uganda by lanyuehua

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									The Centre for
Agroecology and Food Security

Theme: Fair Routes to Market                                        in particular by demonstrating a year-round flowering and
                                                                    fruiting habit. However, the performance of berry fruits on a
Project: Trialling Organic and Fair Trade Berry Fruit               commercial scale is hardly researched or documented. The
Production in Uganda                                                network of farmers working with Fruits of the Nile are generally
                                                                    keen to experiment on a small scale, and there appear to be
For over 15 years, the UK company Tropical Wholefoods has           no major constraints to accessing basic organic amendments
pioneered international trade in Fairtrade tropical dried fruit     if the produce are to be certified organic. Supporting this
from Africa and Asia into the UK. In Uganda, Fruits of the Nile     experimentation are several larger scale farmers, and regional
Ltd is Tropical Wholefood’s business partner, working with          research institutes.
small farmers to develop solar drying businesses in rural
areas. The current product range is dried pineapple,
two varieties of dried banana, and dried papaya. Each fruit
is offered in conventional, organic and Fairtrade versions.
More recently, competition from other suppliers is pushing
this venture to investigate the production of other products
for the UK market. A study by Kent Business School
recommended berry fruits as being a viable and lucrative
option. Outcomes of broadening the product range include
stabilising the position of Fruits of the Nile and its employees,
providing incomes for over 400 small rural businesses as            An initial scoping study by Garden Organic found that
well as employment opportunities, bringing in hundreds of           there appears to be a low risk to trialling cape gooseberry
thousands of foreign currency into the Ugandan economy,             and strawberry crops, a higher but feasible risk of trialling
and developing knowledge and know-how for other suppliers           blueberry, and a longer-shot trial of raspberry. In addition, it
and markets to benefit from in the future.                          was recommended that an investigation take place to identify
                                                                    indigenous berries for trialling. Knowledge on these can
                                                                    be sourced from forestry, botany and traditional medicine
                                                                    sectors in Uganda.


                                                                    Based on this, Tropical Wholefoods developed specific action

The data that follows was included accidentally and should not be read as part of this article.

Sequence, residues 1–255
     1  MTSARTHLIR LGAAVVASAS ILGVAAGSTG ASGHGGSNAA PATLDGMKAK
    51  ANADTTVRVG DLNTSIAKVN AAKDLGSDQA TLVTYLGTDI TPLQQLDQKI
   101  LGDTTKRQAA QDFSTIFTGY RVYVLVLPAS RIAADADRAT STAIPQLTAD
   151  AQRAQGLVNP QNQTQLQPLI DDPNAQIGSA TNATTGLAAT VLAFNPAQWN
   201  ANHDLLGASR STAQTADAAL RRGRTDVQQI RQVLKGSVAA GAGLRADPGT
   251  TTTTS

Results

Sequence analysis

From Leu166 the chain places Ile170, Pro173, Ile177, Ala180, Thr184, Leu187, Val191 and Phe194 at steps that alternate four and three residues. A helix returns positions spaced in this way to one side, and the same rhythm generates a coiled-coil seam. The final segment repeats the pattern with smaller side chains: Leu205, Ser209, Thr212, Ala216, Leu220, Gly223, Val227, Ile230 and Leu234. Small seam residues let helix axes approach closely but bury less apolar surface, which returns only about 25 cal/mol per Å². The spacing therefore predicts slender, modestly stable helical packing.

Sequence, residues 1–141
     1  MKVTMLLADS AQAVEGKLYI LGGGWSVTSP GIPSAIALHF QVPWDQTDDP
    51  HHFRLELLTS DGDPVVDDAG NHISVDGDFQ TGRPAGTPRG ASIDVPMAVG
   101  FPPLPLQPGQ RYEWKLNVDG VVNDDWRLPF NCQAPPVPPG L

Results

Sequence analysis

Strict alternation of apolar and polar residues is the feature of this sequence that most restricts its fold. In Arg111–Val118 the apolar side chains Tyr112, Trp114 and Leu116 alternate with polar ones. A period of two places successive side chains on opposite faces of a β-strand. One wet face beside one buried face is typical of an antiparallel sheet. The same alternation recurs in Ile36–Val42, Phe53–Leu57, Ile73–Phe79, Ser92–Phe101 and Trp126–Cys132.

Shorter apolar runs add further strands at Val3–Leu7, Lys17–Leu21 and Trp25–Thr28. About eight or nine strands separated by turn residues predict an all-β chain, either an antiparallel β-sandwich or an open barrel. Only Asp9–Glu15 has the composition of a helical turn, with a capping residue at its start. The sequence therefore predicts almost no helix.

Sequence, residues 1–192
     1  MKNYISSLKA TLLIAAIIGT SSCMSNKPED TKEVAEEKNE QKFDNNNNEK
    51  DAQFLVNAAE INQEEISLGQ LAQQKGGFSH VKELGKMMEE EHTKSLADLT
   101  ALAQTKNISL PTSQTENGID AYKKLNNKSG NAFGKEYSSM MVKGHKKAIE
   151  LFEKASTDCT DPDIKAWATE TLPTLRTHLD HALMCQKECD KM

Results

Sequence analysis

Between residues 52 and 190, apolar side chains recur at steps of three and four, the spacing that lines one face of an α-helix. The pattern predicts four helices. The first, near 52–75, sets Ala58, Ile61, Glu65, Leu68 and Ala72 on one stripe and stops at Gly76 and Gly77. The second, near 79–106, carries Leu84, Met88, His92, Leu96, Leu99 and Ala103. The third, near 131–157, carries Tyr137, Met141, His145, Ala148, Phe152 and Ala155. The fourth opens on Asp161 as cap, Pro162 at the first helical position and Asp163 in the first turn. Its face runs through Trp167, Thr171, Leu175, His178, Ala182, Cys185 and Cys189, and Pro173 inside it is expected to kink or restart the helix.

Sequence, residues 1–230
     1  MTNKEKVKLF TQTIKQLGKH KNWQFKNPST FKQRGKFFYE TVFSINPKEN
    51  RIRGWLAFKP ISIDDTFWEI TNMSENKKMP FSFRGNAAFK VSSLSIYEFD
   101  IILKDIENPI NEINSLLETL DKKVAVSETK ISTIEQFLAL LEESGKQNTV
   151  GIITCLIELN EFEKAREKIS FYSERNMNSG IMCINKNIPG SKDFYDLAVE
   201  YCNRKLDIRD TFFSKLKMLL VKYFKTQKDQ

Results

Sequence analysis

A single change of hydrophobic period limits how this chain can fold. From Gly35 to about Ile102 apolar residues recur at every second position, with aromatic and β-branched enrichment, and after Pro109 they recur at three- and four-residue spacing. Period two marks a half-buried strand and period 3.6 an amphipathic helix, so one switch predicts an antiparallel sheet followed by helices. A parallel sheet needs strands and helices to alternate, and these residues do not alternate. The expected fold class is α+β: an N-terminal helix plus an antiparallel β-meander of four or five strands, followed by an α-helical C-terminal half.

steps which are being undertaken in conjunction with Garden
                                                                    Organic: 1) feasibility assessment of growing berry fruits in
                                                                    Uganda; 2) research into appropriate cultivars and cultivation
                                                                    methods; 3) development of a field production handbook;
                                                                    4) establishment of nurseries for disseminating planting
Temperate berry fruits are found in the tropics, either spread      materials and advice; 5) drying trials and chemical analyses;
naturally or by human activity. Those that survive adapt            6) dissemination of growing and drying technologies to




For further information contact:
Dr Julia Wright j.wright@coventry.ac.uk

www.coventry.ac.uk/CAFS
The Centre for
Agroecology and Food Security

farmers; 7) testing a consignment of the product; 8) creation
of Fairtrade standards for the products; 9) development of
certified organic production systems; 10) product
marketing in the UK.


A major challenge and impact on varietal selection has
been the identification and sourcing of appropriate varieties,
because of the restrictions placed on them by Plant Breeders
Rights, certification compliance with Ugandan import
regulations, and quantities available.


Overall, the cultivation of berry fruits in Uganda is technically
feasible, in particular for cape gooseberry, strawberry and any
local Ugandan berry fruit. The challenge and learning process
lies in the logistics, communications, timing, regulatory
environment, and other factors. This is a pioneering project
that has met with curious interest from the berry fruit growing
industry and, when successful, would lead the way for other
farmers in Central Africa to benefit from the market chains
developed.




For further information contact:
Dr Julia Wright j.wright@coventry.ac.uk

www.coventry.ac.uk/CAFS

								
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